The so-called civilised world is practically bereft of our once inherent connection to the spiritual dimensions of life and an understanding of Divine intelligence. For ancient and current indigenous societies survival has always been based upon mutual cooperation, a reverence for Mother Nature and Father Sky. On the contrary, developed society functions from a perspective of the individual as an independent force. The notion of abundance has been replaced with a scarcity mindset that spawns greed and separation. Collaboration for the benefit of all has become a war where our brothers and sisters are no longer family but enemy. Racial, sexual, and cultural discrimination is rife. The planet is no longer treated as home but a resource to be raped and pillaged.
Just as the body and mind are modulated by vagal response, planetary survival is governed by natural law. When we fail to listen and act accordingly upon the warning signs, harmony is disrupted and chaos ensues. From a yogic standpoint, inner harmony is integral to global harmony; from the personal mind-body-spirit to the global man-as-nature and the all-encompassing as-one-with-source. Western mind has long departed from the simple truths, instead becoming embroiled in distractions, obsessed with mind-numbing exploits and propagandas. Our subtle radars are dumbed down and the unreal hailed as the omnipotent. The further away we move from nature the more disruptive we become as a species - a devastating prospect for future generations. We have reached a desperate tipping point, flagging the need for desperate measures. That which has been shrouded is now revealed and an opportunity for transformation is at hand. But change requires active participation.
We can begin by turning to the elders of ancient wisdom, the keepers of the earth; the shamans, yogis and light workers of all creeds. They can guide us back to the sacred to re-establish a connection with the natural forces we have long forsaken. The imbalances we now face have become so jarring that the old ways are seeing a revival and are accessible anew. The spiritual practitioner endeavours to live a mindful existence in harmony with nature. We understand ‘vital life force’, prana/chi, to permeate reality on all levels, from the blade of grass to the great mountain. There is no separation. The Tantric myth of the deities Shiva and Shakti illustrates this fundamental principle of Sacred Union or Oneness. Shiva represents the masculine force as container or space. He is pure consciousness, purusha. Shakti is the feminine active force of creation. She is pure energy, prakriti. The two are irrevocably entwined forming a unified whole.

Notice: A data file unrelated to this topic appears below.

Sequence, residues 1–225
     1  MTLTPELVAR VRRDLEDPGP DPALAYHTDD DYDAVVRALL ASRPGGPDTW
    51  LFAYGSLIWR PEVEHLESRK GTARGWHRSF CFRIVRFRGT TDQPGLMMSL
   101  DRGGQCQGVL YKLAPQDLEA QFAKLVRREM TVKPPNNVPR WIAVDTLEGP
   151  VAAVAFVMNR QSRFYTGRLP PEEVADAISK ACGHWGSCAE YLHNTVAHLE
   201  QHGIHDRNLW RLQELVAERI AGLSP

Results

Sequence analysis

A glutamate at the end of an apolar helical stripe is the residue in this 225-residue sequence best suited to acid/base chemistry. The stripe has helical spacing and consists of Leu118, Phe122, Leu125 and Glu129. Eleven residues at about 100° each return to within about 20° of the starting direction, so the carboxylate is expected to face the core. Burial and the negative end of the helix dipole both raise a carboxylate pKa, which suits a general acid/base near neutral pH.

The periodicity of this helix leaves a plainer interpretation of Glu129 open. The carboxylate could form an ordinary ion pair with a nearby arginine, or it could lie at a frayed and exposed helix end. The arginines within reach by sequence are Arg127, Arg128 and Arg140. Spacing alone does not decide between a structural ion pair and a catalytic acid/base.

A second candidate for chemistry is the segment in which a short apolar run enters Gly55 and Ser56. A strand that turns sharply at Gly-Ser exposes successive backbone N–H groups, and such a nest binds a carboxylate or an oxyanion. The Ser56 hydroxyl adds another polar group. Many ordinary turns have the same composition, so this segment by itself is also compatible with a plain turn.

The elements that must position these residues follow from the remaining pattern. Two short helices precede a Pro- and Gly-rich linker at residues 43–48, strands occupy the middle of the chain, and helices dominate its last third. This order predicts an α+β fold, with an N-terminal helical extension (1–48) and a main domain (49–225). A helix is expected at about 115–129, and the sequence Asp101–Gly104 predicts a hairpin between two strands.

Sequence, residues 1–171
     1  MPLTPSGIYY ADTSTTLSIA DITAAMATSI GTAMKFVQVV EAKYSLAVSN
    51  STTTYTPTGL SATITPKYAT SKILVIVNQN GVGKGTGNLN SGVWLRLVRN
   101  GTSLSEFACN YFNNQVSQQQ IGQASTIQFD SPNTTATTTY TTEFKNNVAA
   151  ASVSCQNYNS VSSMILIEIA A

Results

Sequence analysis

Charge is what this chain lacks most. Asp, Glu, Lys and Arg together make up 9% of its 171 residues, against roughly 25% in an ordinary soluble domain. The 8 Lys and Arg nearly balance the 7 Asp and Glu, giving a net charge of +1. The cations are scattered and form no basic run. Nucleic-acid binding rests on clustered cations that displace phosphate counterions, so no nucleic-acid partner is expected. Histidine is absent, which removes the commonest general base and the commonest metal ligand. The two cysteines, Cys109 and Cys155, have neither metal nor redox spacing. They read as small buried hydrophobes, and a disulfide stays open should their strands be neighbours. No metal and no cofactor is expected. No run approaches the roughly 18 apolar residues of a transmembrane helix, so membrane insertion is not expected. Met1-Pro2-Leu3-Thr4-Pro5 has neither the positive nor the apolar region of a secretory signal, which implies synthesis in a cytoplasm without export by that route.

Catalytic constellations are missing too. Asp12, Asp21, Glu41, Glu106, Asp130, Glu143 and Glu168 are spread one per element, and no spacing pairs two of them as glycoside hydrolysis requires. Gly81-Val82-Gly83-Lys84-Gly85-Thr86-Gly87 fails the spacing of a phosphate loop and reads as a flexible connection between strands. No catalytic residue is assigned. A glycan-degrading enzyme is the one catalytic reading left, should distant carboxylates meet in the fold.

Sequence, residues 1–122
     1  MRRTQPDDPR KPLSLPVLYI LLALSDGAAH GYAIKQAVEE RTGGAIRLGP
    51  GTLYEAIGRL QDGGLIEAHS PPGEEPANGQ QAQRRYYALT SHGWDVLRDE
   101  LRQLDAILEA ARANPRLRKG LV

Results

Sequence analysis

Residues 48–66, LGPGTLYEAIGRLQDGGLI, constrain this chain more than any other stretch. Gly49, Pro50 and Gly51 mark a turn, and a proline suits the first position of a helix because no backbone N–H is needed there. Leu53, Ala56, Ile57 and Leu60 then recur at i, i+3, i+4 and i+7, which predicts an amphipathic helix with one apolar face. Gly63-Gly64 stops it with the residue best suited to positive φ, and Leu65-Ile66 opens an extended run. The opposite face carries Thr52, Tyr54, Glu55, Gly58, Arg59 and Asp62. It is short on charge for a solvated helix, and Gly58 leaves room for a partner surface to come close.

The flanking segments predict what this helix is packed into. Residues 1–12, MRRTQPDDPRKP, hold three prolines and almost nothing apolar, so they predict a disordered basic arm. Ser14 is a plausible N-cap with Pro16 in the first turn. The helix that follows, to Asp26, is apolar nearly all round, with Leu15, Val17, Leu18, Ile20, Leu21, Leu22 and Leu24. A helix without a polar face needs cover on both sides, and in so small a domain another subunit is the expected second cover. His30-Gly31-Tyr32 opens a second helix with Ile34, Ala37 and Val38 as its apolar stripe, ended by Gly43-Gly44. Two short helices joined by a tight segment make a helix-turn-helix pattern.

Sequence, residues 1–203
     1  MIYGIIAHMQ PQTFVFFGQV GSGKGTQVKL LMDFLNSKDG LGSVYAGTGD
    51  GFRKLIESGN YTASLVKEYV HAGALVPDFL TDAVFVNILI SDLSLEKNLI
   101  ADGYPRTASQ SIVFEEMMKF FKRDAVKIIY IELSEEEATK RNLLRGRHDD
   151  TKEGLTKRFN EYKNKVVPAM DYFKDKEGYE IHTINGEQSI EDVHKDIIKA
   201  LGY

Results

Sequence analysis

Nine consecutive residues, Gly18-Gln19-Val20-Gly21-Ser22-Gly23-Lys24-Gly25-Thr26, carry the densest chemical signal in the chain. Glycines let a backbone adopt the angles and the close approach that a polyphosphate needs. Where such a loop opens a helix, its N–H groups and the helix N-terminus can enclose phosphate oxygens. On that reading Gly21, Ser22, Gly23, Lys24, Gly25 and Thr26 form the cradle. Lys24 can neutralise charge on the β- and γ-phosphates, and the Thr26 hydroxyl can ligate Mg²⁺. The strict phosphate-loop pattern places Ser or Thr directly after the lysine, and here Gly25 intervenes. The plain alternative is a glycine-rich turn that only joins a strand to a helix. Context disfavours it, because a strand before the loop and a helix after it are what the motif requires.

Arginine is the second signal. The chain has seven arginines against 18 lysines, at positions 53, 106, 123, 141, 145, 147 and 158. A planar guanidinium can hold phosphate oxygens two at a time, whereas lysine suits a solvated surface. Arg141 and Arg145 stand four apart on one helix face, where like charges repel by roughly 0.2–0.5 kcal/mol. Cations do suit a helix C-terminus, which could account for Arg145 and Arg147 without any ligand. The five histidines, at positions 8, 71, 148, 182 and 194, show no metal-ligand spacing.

The word yoga itself means to yoke or join. Indeed, yoga and Buddhism teach union as the antithesis to suffering or dukkha, which arises from separation. Conscious awareness is the roadmap to unity and peace. The Yoga Sutras of Patanjali, a seminal yogic text, outlines an eight-limbed path of which the first two, yamas and niyamas, set out universal and personal moral and ethical codes. The yamas inform how we relate to the outside world and the niyamas give us personal codes of conduct. They are not dogmatic commandments but prompts for investigation so that we can gain a better understanding of ourselves and our place in the world. We then go on to practise the physical poses, asana, and breath control, pranayama to prepare us for the deeper work of yoga leading to higher states of consciousness. Ultimately (with much practice, and if it is your karma) you might even reach samadhi, the state of bliss or enlightenment like the Buddha!